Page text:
These new works by Fra.Biancoshock make me really uncomfortable. I love them. They are all part of his new series Graffiti is a Religion and were unveiled last month at his solo show Ephemeralism at 77 Art Gallery in Milan, Italy. The series is Fra.Biancoshock’s tribute to graffiti and graffiti culture, but it’s not as straightforward as that. Other artists, if they wanted to pay tribute to graffiti, might replicate what they see on the street onto a canvas. That’s certainly not unheard of. But that’s sort of work is just a facsimile. Fra.Biancoshock wanted the real thing, so he went out onto the streets of Italy and got it. He chipped graffiti off of walls and is putting it back on display in a series of artworks.
With “Graffiti Puzzle,” Fra.Biancoshock plays off the idea of famous paintings that get reproduced in puzzle form. Except, this time, it’s the actual wall that players are urged to reassemble. The wall is by the VMD 70′S crew (or a member of the crew), one of the most famous Italian graffiti crews. Although the labeling on the box suggests that the VMD 70’s were aware of this project and willing participants, I’m not sure, and I’ve decided that it’s more interesting not to know, so I haven’t asked Fra.Biancoshock.
For “Come to see my graffiti collection,” he carefully cataloged a process of removing small pieces of works of graffiti from around Italy and has put the tiny paint fragments back on display like a series of holy relics that references not only the complete pieces from which they were removed but the entire careers of those writers. Destruction, maybe? But as Fra.Biancoshock says, “The culture of graffiti here is treated like any other theme in the history of humanity.”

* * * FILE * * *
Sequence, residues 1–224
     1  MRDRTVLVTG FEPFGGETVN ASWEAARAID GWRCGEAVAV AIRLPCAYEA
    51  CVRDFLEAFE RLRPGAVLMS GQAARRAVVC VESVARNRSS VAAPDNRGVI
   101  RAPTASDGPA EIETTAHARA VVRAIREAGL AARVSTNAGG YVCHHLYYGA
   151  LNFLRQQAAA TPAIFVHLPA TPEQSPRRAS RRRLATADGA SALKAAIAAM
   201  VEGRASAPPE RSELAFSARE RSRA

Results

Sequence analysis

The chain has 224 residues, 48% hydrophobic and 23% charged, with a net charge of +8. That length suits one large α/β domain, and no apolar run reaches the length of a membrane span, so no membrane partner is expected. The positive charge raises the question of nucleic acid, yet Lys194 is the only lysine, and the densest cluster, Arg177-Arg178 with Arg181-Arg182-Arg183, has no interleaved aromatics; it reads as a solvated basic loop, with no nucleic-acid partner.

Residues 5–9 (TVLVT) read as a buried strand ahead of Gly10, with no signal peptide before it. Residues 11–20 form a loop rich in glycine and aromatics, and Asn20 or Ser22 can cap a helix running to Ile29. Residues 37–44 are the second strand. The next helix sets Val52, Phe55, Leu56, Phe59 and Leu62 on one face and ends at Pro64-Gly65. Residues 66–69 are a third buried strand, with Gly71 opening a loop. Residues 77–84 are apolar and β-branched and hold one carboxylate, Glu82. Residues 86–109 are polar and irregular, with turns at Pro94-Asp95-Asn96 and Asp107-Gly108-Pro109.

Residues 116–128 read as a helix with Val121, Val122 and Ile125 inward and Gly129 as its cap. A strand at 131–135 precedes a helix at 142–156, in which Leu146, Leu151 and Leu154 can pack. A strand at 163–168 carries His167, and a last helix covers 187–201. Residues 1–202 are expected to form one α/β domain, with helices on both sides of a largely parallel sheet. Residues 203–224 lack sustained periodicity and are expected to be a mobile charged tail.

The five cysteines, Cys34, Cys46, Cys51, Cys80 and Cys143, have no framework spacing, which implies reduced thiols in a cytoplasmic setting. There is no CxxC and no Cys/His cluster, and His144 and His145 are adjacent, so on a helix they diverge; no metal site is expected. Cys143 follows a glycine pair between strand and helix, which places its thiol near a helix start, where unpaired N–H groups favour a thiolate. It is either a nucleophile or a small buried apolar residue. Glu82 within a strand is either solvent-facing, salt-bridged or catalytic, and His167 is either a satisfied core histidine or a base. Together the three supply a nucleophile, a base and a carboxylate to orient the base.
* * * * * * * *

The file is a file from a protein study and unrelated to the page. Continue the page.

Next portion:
“Cornerstone” goes a step further and anonymizes the artists, a tribute to graffiti culture as a whole. It is made up of fragments of graffiti by some of the most historically important Italian writers, the people who together form the cornerstone of Italian graffiti culture.
We all long for physical representations of the things we hold dear or somehow important. But graffiti is ephemeral. 99.9% of the historic graffiti has been destroyed, and it’s really only through documentation that anything gets preserved. If graffiti is a culture that many people treat like a religion, what physical representations can we hold on to when the graffiti itself is made to be destroyed? Just old copies of Subway Art and black books I guess…
In this series, Fra.Biancoshock tackles that subject, and while his conclusions may seem absurd at first, they are not totally unfamiliar. Religious relics and historical artifacts are often treated like the pieces in Graffiti is a Religion: They are chopped up and spread so thin that they no long depict the whole of what they were, only reference it. In trying to love and preserve relics and artifacts, we often destroy them, as has been done here. And of as I’ve argued in the past, even ripping an entire artwork off of a wall in one piece, as has happened so often with Banksy’s work, does not really preserve it. That only gives a reference to what once was: An artwork placed on a particular wall in a particular public space. These paint chips are not graffiti, but they are all that we have once the buffman shows up.
With Graffiti is a Religion, Fra.Biancoshock simultaneously brings graffiti indoors and humbly acknowledges the impossibility of such a task. All of these pieces make me uncomfortable. The best art does that.
Photos by Fra.Biancoshock